Recent pieces address the American Chemistry Council and flame retardants; the avian flu that’s hitting Midwestern poultry farms; what the next labor fight will tackle; and more.
The Institute for Women’s Policy Research has released a new Status of Women in the States report that show how women’s health has improved, or not, on a variety of different measures. It’s no surprise that they found disparities both between states and between racial and ethnic groups.
Last week Tyson Foods, the largest US poultry producer, announced that it was working to eliminate the use of human antibiotics in its US broiler chicken flock by September 2017.
The 2015 Pulitzer Prize winner for Public Service went to South Carolina’s Post and Courier for the chillingly effective series “Till Death Do Us Part,” about the state’s inadequate response to domestic violence.
Last week, President Obama signed long-awaited legislation that will put an end to periodic panic at the prospect of massive, sudden cuts to Medicare physician payments.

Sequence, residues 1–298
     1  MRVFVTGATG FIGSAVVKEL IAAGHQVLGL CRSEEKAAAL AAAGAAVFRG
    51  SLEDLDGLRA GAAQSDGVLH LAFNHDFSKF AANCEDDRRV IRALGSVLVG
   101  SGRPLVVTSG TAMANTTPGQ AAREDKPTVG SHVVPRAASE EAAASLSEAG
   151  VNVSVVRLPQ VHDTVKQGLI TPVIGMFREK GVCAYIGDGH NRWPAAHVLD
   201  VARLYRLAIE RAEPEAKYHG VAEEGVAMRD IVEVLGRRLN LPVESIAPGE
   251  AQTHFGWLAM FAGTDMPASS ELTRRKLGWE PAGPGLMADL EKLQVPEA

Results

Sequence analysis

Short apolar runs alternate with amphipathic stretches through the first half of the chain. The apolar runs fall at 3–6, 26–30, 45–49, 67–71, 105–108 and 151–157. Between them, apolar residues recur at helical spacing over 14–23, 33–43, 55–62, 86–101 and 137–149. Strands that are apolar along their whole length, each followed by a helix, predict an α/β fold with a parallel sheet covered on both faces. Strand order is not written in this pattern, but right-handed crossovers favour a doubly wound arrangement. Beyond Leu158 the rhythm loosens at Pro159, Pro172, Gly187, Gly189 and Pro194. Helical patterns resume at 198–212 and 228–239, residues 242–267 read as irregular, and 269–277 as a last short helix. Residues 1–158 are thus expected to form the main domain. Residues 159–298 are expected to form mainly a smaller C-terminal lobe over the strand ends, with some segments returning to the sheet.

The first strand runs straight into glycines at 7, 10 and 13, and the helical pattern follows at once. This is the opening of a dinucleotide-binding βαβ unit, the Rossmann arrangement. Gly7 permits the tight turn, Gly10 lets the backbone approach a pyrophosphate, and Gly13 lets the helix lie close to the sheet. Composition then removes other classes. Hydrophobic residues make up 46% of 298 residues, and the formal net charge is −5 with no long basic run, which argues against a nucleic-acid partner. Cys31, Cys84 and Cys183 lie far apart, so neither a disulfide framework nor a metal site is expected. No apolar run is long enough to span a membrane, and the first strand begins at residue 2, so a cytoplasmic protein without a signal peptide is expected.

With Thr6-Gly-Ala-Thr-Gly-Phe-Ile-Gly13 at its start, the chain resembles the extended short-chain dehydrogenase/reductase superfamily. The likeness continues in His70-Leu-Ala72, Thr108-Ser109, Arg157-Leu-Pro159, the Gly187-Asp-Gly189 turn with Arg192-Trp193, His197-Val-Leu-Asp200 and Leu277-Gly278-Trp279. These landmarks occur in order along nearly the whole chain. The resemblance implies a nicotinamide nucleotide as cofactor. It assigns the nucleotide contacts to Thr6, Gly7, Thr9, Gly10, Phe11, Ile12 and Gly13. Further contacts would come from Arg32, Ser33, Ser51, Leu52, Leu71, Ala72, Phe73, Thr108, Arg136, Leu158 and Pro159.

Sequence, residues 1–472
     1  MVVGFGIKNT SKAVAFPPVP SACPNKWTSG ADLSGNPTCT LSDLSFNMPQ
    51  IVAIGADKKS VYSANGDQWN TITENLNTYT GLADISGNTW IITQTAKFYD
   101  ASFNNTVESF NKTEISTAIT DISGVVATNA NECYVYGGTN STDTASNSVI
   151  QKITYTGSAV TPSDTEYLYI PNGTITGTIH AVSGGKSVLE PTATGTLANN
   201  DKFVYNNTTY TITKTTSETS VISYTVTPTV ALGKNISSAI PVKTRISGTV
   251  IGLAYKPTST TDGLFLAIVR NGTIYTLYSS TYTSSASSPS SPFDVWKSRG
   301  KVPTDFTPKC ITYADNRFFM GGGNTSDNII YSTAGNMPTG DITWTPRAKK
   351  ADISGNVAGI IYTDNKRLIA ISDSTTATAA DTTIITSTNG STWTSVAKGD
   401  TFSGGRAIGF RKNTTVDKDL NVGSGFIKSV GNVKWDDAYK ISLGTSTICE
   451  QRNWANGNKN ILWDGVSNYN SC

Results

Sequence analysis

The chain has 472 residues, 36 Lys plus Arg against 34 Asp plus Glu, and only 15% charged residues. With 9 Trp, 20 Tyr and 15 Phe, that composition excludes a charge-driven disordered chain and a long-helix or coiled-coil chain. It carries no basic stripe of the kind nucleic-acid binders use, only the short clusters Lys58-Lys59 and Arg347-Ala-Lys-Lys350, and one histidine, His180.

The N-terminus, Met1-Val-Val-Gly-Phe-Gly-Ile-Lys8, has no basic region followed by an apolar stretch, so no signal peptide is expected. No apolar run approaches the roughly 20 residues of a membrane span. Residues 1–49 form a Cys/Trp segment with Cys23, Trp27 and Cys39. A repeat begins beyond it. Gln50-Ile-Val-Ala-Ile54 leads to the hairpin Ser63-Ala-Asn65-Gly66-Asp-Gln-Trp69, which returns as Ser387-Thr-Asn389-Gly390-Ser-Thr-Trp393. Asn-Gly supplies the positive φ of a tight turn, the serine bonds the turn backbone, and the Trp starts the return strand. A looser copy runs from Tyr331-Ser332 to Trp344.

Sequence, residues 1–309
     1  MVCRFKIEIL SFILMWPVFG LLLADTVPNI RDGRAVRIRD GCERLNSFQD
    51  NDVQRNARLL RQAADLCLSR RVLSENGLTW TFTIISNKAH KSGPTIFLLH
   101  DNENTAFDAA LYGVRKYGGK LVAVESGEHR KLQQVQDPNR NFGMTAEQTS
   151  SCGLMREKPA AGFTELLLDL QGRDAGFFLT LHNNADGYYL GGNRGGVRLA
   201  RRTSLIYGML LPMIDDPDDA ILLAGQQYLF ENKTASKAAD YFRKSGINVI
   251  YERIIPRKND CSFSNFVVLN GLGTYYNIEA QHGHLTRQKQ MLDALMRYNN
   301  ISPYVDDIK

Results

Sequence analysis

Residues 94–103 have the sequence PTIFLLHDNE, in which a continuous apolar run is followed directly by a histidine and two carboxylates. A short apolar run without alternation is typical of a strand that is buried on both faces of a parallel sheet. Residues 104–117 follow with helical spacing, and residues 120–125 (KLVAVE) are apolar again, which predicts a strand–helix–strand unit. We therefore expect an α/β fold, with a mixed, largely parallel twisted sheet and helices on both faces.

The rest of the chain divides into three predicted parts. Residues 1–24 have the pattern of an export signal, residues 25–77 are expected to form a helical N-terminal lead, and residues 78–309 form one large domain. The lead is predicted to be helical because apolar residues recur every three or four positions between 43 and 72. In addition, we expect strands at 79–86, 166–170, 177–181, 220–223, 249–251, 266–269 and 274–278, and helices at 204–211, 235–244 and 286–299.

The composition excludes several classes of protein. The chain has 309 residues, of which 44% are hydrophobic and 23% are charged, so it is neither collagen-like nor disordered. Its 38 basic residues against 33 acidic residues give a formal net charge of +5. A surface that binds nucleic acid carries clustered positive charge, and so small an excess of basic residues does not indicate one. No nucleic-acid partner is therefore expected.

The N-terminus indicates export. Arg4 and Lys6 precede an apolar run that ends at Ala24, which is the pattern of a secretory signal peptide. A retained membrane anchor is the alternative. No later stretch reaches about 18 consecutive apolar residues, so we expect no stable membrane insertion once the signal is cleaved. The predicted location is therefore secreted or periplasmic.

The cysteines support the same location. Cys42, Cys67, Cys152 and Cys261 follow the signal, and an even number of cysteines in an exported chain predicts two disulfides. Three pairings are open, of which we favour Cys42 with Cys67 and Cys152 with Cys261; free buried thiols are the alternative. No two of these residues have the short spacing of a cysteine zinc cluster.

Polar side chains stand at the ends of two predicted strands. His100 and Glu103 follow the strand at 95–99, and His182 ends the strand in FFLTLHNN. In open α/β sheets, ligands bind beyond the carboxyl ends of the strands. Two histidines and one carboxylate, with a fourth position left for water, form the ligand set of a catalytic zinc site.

Recent pieces address condom innovation and approval, government handouts to the rich, online violence against women and girls, and more.
The Supreme Court’s decision in Young v. UPS leaves it up to lower courts to decide whether UPS discriminated against Peggy Young by not giving her light duty while she was pregnant. In the meantime, new guidance from researchers can help physicians advise pregnant patients whose jobs involve lifting.
A study published in a new supplement to the American Journal of Public Health investigates the extent to which public health activities in metropolitan areas suffered during the recent recession.
Researchers analyze crash data following London’s 2003 implementation of a congestion-charge zone, while Seattle reduces transit fares for low-income riders.
Recent pieces address the 50-year-old Older Americans Act, Ebola’s lasting impact on maternal health, day laborers’ fights for fair treatment, and more.